This is one of the things that drives me crazy about the current conservative movement. I'm definitely of the Teddy Roosevelt camp -I'm all for protecting our natural enviroment and would seek to strike a balance between the needs of the economy and the needs of the planet.

But if the most dire predictions are correct, then we need to do far more than simply up our recycling programs and switch to fuel-efficient cars. We would need a WW II style mobilization and lots of sacrifice at all levels of society. By sacrifice I mean rationing, victory gardens, etc.
Quite frankly, I don't see Democratic leaders making that level of sacrifice, even if they are at least acknowledging the problem. Just take a look at green saint Al Gore's non-energy efficient mcmansions and frequent air travel on his private jet. Of course he claims that he's buying carbon credits, which IMHO is the equivalent of medieval indulgences:

http://www.usatoday.com/news/opinion...

I maintain that the projected emissions that would see runaway climate change simply won't be there. The world's economy is grinding to a halt. Never mind the fact that we are also dealing with scarcity in fossil fuels that makes continual growth in the use of those resources unfeasible. I think we will see a long-term decline in consumption and a rise in efficiency that further drives down emissions. No doubt climate change will be a problem still, but I don't see the input for the kind of scenarios being promulgated.

Never mind the fact that as climate change mounts, it will become undeniable. I think we are seeing growing sentiment towards climate change being real even if there are still a lot of people screaming it isn't. Eventually, it will become more tenable to be more proactive in implementing other solutions, like reforestation.

Very interesting interview with a conservative climate scientist on Point of Inquiry recently:
http://www.pointofinquiry.org/kerry_...

Robear wrote:

Exactly. That's the way to consider. Right now, it's normal trending. If it happens several times in the next few years, that's an aberration.

Kind of like the overall temperature changes that are being seen. Lots of global average and regional records clustered in the last 30 years or less, from a data set that goes back into the 19th century (and indirect data sets much, much larger) should raise a concern.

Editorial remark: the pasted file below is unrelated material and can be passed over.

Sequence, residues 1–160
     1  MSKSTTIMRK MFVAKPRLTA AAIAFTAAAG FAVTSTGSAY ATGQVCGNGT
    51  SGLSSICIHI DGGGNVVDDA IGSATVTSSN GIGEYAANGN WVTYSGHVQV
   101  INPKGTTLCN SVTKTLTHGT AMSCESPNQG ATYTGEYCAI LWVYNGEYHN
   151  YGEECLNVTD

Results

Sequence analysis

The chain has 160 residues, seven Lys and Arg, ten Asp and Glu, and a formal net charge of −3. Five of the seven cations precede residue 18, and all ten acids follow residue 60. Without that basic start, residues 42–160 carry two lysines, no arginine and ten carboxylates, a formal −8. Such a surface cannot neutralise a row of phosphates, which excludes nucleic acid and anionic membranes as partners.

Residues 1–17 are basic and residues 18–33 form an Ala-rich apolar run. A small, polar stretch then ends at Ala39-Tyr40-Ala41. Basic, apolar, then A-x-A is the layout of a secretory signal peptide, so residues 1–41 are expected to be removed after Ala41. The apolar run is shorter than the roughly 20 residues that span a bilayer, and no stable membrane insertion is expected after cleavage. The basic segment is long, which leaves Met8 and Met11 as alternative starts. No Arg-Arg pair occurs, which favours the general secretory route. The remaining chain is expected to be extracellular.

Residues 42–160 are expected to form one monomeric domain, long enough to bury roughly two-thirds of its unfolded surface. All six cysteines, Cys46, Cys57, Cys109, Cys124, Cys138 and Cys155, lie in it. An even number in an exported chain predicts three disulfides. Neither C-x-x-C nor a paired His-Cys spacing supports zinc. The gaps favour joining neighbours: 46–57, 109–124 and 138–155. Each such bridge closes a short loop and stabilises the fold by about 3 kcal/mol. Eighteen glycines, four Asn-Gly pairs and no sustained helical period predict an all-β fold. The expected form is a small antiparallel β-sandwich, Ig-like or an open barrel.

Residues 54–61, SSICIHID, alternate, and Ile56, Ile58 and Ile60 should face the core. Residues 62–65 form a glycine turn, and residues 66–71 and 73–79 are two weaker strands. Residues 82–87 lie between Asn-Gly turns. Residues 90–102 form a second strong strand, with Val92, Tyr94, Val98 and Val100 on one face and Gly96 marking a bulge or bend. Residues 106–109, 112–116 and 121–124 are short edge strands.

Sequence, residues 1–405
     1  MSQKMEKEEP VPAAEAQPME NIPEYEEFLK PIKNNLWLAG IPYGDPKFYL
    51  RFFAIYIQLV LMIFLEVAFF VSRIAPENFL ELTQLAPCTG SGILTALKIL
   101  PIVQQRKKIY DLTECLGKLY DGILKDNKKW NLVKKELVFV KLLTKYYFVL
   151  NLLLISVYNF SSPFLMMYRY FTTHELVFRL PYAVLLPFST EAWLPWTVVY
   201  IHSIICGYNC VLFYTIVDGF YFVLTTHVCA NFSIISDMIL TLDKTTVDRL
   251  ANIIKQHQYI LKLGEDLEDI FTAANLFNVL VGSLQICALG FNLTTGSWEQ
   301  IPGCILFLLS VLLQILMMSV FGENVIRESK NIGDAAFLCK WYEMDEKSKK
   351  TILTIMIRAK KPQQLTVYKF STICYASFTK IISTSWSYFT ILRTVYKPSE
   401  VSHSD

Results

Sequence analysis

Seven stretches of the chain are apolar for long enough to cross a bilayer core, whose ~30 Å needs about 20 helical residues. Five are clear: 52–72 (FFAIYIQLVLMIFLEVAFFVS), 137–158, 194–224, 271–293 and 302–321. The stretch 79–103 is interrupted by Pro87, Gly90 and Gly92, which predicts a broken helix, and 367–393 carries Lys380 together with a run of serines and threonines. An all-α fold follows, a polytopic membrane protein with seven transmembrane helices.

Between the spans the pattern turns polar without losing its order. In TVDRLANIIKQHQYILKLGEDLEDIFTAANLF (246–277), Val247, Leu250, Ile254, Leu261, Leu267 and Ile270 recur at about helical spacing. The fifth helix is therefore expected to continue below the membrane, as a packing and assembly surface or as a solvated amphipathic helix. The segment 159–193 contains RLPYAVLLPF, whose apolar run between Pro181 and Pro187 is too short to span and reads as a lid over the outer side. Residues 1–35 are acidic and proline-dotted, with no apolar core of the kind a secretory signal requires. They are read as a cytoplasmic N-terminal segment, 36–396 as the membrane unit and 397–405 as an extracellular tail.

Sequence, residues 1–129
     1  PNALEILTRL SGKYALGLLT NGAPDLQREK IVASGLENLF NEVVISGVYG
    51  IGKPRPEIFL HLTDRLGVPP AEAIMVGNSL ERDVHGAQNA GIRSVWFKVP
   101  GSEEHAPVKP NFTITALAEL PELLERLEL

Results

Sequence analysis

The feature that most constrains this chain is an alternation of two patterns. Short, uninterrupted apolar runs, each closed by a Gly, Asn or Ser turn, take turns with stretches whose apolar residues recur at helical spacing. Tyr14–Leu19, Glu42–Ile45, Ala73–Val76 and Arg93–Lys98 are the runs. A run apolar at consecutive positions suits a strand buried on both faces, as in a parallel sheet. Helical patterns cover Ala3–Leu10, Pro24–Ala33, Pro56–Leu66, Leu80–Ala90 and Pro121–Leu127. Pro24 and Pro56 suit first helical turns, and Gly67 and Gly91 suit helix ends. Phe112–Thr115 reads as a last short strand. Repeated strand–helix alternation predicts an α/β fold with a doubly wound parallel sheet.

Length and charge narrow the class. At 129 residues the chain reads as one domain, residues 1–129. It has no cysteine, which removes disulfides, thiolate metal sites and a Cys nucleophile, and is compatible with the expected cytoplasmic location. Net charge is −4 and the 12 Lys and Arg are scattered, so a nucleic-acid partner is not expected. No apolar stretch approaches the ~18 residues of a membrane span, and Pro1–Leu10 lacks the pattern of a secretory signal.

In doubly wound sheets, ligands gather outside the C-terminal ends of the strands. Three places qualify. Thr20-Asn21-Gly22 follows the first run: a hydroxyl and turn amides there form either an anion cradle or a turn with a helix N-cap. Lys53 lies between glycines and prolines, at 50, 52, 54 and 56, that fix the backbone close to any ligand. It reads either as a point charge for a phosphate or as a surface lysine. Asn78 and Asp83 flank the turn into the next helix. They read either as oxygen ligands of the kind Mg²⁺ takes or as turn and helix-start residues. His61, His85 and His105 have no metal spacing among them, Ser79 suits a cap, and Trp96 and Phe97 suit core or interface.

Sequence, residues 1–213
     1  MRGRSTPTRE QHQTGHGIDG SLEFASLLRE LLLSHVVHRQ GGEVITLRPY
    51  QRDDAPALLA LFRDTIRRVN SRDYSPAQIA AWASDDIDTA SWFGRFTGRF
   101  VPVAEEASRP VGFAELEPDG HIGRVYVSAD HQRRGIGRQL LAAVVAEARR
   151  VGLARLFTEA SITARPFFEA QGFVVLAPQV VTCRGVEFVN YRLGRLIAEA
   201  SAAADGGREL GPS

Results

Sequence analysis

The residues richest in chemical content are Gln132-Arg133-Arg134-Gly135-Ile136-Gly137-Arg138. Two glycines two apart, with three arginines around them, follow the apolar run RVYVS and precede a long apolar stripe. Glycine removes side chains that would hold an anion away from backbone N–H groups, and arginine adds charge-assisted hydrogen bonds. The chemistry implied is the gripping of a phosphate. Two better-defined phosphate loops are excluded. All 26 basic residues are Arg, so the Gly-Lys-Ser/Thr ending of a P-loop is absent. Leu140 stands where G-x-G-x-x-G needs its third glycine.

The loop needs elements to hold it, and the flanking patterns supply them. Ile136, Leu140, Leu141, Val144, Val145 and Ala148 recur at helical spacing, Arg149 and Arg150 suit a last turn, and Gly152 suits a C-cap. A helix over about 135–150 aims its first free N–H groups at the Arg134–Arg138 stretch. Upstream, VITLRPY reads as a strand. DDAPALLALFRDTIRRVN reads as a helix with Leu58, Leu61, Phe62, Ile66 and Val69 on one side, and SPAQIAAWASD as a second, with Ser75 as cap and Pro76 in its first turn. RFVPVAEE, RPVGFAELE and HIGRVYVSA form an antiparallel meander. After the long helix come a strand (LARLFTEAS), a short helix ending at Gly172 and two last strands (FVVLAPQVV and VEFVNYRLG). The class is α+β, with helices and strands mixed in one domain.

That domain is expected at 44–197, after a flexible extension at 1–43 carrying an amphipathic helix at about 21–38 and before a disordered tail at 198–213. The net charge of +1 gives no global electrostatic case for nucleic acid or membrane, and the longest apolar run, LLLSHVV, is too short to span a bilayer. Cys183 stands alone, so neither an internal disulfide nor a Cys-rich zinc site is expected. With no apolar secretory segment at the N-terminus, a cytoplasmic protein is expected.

Yup, that's what I was trying to get at. If Greenland does this again next year, I'll certainly be worried.

jdzappa wrote:

But if the most dire predictions are correct, then we need to do far more than simply up our recycling programs and switch to fuel-efficient cars. We would need a WW II style mobilization and lots of sacrifice at all levels of society. By sacrifice I mean rationing, victory gardens, etc.

I'm always confused by the (mostly conservative) idea that being green automatically means terrible sacrifice, significantly reduced standards of living, less industry, and such.

There's no magic bullet to address climate change. Rather it requires a lot of smaller changes to how our economy functions. The only actual sacrifice we'd need to make will likely boil down to paying slightly more for things.

We could dramatically cut down on our electrical consumption by requiring manufacturers to meet increasing energy efficiency standards. Hell, we could eliminate 100 billion kilowatt hours a year by simply requiring electronics manufacturers to address the issue of power consumption by devices when they're off or in stand-by mode. The consumer might have to pay a bit more at first, but as every device incorporates that technology the cost of that improved efficiency will be insignificant.

Zoning changes would require homes, apartments, businesses, etc. to be energy efficient and highly insulated. Right now there's pretty much no incentive for the builder of an office complex or apartments to make things energy efficient because they will never be the ones paying the ongoing energy costs. Change the building code to make that a requirements and you get a massive energy savings over the course of the building's useful life, which translates into reduced greenhouse gas emissions. The only thing stopping that from happening is that those energy efficient buildings are more expensive than throwing up an conventional building.

Changing zoning laws could also steer us towards much more energy efficient cities and ones that don't require people to drive 50+ miles a day. Cheap gas and highways have made us do horribly stupid things as a society.

Again, all these things are very much doable and don't require rocket science.

jdzappa wrote:

Quite frankly, I don't see Democratic leaders making that level of sacrifice, even if they are at least acknowledging the problem. Just take a look at green saint Al Gore's non-energy efficient mcmansions and frequent air travel on his private jet. Of course he claims that he's buying carbon credits, which IMHO is the equivalent of medieval indulgences: